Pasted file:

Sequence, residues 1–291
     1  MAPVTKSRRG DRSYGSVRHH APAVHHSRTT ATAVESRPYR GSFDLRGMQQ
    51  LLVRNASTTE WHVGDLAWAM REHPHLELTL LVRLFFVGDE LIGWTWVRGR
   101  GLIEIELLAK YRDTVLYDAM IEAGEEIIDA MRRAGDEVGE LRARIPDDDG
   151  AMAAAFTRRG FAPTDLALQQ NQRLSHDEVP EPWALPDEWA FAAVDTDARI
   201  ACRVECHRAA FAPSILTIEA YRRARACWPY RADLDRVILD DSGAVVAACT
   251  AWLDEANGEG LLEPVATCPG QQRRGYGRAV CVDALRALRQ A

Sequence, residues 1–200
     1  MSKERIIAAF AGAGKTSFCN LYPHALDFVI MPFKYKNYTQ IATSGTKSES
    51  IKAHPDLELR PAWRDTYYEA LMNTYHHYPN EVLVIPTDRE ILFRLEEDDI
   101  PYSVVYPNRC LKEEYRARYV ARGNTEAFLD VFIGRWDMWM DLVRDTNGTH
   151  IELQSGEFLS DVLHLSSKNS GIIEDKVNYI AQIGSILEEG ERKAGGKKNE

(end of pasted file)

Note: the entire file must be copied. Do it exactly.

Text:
Sequence, residues 1–291
     1  MAPVTKSRRG DRSYGSVRHH APAVHHSRTT ATAVESRPYR GSFDLRGMQQ
    51  LLVRNASTTE WHVGDLAWAM REHPHLELTL LVRLFFVGDE LIGWTWVRGR
   101  GLIEIELLAK YRDTVLYDAM IEAGEEIIDA MRRAGDEVGE LRARIPDDDG
   151  AMAAAFTRRG FAPTDLALQQ NQRLSHDEVP EPWALPDEWA FAAVDTDARI
   201  ACRVECHRAA FAPSILTIEA YRRARACWPY RADLDRVILD DSGAVVAACT
   251  AWLDEANGEG LLEPVATCPG QQRRGYGRAV CVDALRALRQ A

Sequence, residues 1–200
     1  MSKERIIAAF AGAGKTSFCN LYPHALDFVI MPFKYKNYTQ IATSGTKSES
    51  IKAHPDLELR PAWRDTYYEA LMNTYHHYPN EVLVIPTDRE ILFRLEEDDI
   101  PYSVVYPNRC LKEEYRARYV ARGNTEAFLD VFIGRWDMWM DLVRDTNGTH
   151  IELQSGEFLS DVLHLSSKNS GIIEDKVNYI AQIGSILEEG ERKAGGKKNE